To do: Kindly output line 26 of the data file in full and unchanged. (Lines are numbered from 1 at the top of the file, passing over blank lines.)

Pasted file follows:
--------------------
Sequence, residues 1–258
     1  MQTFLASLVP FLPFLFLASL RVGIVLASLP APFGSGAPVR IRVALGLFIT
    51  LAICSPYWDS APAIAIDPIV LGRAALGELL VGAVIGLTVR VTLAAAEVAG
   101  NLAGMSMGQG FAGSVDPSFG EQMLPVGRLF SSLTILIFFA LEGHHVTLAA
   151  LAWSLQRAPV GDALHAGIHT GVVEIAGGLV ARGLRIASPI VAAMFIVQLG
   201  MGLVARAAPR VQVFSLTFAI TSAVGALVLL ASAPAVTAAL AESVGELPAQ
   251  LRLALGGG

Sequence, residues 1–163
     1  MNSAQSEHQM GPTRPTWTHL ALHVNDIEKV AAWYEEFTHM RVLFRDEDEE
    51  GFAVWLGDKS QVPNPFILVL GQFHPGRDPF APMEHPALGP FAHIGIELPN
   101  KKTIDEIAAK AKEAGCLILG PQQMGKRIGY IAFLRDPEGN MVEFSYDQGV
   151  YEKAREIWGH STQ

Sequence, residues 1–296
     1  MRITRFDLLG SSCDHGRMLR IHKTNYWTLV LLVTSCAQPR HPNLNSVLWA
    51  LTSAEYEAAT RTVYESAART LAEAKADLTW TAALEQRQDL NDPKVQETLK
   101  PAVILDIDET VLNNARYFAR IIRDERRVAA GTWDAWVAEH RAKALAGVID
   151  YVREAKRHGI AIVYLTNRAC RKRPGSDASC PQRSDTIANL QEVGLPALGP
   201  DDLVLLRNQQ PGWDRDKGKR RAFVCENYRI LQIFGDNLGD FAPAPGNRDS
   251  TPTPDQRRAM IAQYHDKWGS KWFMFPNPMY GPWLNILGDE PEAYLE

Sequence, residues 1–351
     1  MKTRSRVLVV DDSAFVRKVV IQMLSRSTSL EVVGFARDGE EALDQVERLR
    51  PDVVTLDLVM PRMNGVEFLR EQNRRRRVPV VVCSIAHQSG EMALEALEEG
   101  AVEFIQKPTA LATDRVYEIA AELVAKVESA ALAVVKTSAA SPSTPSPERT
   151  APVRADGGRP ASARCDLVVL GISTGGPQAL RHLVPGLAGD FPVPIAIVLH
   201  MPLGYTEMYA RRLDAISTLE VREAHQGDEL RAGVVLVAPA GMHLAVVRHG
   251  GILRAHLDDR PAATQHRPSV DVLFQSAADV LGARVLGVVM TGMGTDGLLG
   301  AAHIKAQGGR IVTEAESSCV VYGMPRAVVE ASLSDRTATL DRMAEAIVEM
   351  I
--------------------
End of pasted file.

   251  GILRAHLDDR PAATQHRPSV DVLFQSAADV LGARVLGVVM TGMGTDGLLG